Alta Sky Dental
4303 W Peoria Ave
Glendale, AZ 85302
Tis the season for sweet treats, drink indulgences, and really doing a number on your poor teeth. All those Christmas sweets don’t technically cause cavities, but sugar feeds the bacteria in your mouth—which can lead to tooth decay. Fudge is especially popular, and authentic British Christmas pudding is a triple whammy with loads of chocolate, citrus infusions (with all that acid) and a hearty addition of alcohol. If you do treat yourself to sugary sweets this holiday season, brush your teeth well and soon afterward to encourage that sugar to not sit in your mouth.
However, citrus and other acidic foods can wear away at the enamel on your teeth. Once that enamel is gone, you can’t get it back. In extreme situations, too much wearing of the enamel can lead to painful tooth sensitivity. Most people can’t avoid citrus altogether (it’s in a lot of healthy foods!), so instead keep your intake to a minimum and don’t brush your teeth immediately after eating or drinking something acidic. That makes the wear on teeth worse by spreading the acid around.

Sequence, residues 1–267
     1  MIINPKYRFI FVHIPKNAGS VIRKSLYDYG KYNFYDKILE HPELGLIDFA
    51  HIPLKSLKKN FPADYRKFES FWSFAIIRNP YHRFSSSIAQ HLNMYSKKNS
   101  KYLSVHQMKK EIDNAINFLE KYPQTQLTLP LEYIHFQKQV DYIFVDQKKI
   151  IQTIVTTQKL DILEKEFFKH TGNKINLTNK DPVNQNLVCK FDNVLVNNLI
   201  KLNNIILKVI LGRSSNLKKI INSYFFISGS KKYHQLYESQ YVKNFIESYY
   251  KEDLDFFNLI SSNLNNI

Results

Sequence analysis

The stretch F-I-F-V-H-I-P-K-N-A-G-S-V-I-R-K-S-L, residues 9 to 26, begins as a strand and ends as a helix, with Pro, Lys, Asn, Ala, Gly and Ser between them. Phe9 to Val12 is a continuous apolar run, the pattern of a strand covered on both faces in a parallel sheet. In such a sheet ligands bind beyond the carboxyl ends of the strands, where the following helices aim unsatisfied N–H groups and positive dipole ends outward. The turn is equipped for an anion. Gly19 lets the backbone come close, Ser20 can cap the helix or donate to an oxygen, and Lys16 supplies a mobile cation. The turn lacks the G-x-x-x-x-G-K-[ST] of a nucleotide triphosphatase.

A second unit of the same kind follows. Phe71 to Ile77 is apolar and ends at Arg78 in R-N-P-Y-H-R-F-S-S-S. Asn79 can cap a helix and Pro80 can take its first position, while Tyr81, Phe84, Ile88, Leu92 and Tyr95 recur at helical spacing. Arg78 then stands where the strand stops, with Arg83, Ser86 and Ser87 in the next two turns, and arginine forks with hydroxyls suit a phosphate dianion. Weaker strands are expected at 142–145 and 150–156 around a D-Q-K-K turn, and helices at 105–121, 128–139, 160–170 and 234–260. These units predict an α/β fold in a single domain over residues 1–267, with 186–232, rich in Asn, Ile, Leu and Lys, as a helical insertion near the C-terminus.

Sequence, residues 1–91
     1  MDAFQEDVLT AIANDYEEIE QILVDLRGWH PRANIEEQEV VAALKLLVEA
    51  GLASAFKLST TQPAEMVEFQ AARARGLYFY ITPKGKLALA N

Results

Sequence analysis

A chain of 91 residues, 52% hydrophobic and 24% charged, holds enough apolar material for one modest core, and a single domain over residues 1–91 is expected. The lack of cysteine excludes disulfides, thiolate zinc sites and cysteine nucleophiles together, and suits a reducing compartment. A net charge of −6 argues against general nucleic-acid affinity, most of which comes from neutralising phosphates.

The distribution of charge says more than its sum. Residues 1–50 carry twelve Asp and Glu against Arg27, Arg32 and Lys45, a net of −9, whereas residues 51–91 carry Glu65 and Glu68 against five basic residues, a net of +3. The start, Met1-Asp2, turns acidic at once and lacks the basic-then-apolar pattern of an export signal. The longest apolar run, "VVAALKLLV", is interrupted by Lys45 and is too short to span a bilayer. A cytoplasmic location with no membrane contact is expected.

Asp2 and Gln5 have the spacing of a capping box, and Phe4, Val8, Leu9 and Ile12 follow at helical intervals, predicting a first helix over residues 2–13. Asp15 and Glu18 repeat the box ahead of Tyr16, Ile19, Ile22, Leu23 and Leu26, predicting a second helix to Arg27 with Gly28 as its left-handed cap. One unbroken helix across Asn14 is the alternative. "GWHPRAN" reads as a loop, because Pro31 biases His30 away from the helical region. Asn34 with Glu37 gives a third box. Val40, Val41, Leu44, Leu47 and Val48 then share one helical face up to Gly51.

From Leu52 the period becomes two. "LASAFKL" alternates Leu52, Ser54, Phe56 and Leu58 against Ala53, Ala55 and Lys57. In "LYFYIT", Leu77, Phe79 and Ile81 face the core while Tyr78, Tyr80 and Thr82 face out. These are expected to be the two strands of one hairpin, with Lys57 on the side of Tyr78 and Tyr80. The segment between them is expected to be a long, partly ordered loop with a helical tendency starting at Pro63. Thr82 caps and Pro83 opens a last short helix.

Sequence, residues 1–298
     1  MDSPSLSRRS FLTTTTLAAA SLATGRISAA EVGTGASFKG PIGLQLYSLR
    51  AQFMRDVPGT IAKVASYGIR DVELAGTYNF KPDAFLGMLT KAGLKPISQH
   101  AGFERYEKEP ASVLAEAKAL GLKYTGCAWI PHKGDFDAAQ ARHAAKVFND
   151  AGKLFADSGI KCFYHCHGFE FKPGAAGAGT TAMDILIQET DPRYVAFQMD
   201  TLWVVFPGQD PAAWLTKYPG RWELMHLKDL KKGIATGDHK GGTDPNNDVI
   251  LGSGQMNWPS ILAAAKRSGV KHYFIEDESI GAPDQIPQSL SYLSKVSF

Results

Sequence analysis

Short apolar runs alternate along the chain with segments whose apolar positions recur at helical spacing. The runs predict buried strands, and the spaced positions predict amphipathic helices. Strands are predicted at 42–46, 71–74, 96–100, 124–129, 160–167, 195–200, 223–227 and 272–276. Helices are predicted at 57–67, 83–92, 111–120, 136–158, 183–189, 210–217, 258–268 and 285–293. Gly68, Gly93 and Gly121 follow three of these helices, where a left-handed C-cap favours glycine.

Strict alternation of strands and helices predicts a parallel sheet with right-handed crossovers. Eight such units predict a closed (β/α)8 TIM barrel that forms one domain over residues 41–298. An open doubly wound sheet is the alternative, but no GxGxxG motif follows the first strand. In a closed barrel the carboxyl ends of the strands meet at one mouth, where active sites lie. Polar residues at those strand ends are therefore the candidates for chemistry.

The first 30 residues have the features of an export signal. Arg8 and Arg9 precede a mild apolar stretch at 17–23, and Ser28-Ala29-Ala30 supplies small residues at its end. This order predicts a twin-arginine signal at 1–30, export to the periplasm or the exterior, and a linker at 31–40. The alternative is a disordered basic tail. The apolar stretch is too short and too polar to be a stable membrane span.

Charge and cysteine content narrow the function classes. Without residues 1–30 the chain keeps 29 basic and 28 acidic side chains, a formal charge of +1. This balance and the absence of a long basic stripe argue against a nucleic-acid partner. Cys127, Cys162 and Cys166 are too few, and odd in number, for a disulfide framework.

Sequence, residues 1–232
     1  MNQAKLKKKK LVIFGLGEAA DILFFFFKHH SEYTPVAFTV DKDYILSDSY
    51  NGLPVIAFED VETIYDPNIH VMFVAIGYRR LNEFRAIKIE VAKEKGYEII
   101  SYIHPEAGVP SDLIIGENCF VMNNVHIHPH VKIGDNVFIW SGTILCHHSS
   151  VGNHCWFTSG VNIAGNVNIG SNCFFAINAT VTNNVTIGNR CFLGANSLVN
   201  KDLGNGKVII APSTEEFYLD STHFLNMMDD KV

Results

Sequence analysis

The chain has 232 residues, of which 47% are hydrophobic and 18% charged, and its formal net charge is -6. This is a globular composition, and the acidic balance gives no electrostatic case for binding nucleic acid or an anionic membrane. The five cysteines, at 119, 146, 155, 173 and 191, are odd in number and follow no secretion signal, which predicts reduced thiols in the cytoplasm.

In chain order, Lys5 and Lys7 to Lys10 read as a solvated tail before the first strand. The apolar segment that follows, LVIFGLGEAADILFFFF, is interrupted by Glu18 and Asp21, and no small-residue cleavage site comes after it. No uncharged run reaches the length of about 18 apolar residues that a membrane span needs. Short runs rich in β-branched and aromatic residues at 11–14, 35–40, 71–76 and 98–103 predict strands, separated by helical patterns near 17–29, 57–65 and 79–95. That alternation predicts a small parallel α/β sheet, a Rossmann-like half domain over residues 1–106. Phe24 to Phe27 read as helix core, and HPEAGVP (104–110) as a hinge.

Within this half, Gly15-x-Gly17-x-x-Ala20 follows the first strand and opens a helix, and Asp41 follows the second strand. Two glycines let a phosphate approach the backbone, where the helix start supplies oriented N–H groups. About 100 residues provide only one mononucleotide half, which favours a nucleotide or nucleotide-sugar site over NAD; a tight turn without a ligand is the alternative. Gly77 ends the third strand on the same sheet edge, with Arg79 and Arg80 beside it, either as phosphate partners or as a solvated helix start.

The holidays also have a lot of treats that won’t hurt your teeth—or are even good for them! That classic milk for Santa is full of calcium, which helps strengthen bones and teeth. Consider pairing it with sugar-free cookies to keep both calories and sugar to a minimum. Natural sweeteners like the Stevia plant and monk juice give you sweetness without the bacteria-feeding risks.
That classic holiday ham is full of protein, which can help make you feel full faster. Opting for a dry white wine keeps sugars low, and won’t stain your teeth like red wines. Choose Christmas “crackers” (the kind that you pull apart to cause a confetti explosion) as an excellent non-foodie treat and an option for a new holiday tradition.
Most of all, enjoy the holidays and the time with your loved ones.